Credit Repair Advice: Things To Know About Credit Repair Services

By Matthew Cenzon. May 7th 2016

Having a low credit score can be extremely detrimental to your day-to-day life. Whether you're financing a car, renting an apartment or signing up for a new checking account, your credit score matters. Don't let yourself get dragged down by your bad credit score. The best thing you can do to help yourself is do your research. Understand where you stand, what resources you have at your disposal and which would be the best for you. Before you do anything, you need to properly asses your own credit.

How Bad Is My Credit Score?

A lot of things can affect a credit score: late payments, total accrued debt, public records and several other factors. It is a good idea to monitor your credit using online resources. Many sites allow you to track your credit report for free, if you sign up for their online services. Make sure that if you do sign up for these sites, you cancel your account before they charge you for their services. Before you let a third party run your credit score, check and see where you measure up.

  • Bad credit: Anything below 600 can be viewed as a bad credit score.
  • Moderate credit: Most people have a credit score between 600 and 750.
  • Good credit: In general a good credit score is anything over 700.

When Should I Ask For Help?

If you're finding it hard to start new accounts, and you find yourself relying on cosigners for things you should be handling on your own, it might be time to look into credit management. There are several places to start when you're looking into legitimate credit management programs. The Credit Repair Organizations Act must provide you with your "consumer credit rights" before you consent to sign up for their program. This act was created to weed out the fraudulent companies that aim to take advantage of individuals suffering from bad credit. There are resources that can help you fish out the good from the bad.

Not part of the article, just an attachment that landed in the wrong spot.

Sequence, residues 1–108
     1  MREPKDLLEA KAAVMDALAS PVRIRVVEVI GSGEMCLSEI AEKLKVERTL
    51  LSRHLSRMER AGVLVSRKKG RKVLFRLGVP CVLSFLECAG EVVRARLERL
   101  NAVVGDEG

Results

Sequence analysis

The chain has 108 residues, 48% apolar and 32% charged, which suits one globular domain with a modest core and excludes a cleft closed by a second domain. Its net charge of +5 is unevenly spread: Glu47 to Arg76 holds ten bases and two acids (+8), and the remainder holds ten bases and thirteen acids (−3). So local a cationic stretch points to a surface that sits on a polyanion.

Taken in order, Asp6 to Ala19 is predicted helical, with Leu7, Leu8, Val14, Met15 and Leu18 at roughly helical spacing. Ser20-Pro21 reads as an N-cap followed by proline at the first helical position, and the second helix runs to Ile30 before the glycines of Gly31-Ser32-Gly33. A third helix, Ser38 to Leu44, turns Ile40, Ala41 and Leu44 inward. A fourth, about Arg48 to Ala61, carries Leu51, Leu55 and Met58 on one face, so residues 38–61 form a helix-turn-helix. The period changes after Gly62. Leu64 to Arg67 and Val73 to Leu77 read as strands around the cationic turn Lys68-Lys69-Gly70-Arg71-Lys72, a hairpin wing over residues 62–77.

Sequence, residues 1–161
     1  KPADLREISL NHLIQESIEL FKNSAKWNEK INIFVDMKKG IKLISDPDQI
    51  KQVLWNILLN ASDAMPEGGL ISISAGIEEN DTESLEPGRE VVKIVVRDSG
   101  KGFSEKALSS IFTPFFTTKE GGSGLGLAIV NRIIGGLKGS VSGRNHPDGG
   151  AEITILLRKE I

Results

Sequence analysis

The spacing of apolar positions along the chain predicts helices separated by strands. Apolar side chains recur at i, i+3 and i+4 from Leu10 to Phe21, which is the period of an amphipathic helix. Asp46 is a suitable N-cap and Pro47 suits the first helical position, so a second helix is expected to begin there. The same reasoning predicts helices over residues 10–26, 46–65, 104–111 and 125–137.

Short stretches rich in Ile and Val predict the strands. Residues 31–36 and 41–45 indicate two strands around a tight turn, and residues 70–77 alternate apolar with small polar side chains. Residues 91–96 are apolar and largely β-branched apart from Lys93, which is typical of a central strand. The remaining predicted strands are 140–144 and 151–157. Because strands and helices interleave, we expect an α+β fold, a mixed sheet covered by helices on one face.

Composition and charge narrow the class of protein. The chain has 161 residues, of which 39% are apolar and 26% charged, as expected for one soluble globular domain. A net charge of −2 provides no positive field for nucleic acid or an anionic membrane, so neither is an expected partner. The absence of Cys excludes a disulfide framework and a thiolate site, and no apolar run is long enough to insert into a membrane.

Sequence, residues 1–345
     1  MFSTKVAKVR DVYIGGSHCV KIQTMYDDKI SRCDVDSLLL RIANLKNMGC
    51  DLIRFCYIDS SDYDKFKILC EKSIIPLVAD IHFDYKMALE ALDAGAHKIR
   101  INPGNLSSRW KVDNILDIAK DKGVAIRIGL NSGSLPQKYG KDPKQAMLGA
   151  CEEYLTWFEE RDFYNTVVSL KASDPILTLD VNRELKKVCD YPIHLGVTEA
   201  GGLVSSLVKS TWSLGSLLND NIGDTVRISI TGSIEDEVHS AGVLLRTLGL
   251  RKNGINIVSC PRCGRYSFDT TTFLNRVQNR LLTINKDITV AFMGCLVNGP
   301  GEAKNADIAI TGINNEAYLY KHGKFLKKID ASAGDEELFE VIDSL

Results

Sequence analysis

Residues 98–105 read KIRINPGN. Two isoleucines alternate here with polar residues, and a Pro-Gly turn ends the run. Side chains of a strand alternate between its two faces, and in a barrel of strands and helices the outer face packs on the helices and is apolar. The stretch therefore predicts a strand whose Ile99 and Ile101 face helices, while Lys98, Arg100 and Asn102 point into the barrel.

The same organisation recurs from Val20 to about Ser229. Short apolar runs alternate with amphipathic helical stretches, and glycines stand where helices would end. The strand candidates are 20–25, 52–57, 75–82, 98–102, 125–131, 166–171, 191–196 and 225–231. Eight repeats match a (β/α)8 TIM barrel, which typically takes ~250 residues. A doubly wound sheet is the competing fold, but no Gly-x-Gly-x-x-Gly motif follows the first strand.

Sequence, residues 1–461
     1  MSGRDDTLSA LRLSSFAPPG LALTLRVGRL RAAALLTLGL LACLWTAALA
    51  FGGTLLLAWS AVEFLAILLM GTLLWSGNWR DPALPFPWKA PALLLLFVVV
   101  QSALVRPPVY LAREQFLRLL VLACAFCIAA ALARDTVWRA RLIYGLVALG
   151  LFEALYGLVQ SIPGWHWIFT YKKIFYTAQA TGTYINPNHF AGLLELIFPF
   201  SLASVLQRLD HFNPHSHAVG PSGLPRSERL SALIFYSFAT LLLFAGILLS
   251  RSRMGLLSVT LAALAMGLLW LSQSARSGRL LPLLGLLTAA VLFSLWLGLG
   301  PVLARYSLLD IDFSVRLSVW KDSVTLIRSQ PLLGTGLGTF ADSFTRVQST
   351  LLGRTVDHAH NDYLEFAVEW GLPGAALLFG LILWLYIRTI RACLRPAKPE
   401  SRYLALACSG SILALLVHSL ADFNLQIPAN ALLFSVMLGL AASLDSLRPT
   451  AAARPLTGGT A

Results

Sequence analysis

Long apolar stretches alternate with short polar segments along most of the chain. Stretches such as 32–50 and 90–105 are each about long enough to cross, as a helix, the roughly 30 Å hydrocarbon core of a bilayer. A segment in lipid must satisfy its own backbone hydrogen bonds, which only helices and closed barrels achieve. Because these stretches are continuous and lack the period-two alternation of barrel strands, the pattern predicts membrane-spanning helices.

• Federal Trade Commission: independent government agency that aims to advocate consumer rights.
  • Equifax: one of the three major credit agencies that maintains public credit holder records.
  • Experian: another one of the three major credit agencies and is a large advocate of public financial education.
  • Trans Union Corporation: the last of the three agencies that helps consumers monitor their credit reports.

What Are My Options?

Enrolling in a credit counseling program may be your best bet for improving your personal finances. Since credit counseling is so common, it is becoming easier and more affordable to get in touch with a credit counselor in a variety of ways

  • In-person: This is the most reliable form of credit counseling. Military, university and financial institutions offer in-person crediting services that are both reputable and trustworthy. If you already have a relationship with the institution, you will feel more at ease with allowing them access to your personal finances. They will often weigh your debt against your salary and personal bank accounts to forge a plan to repair your credit.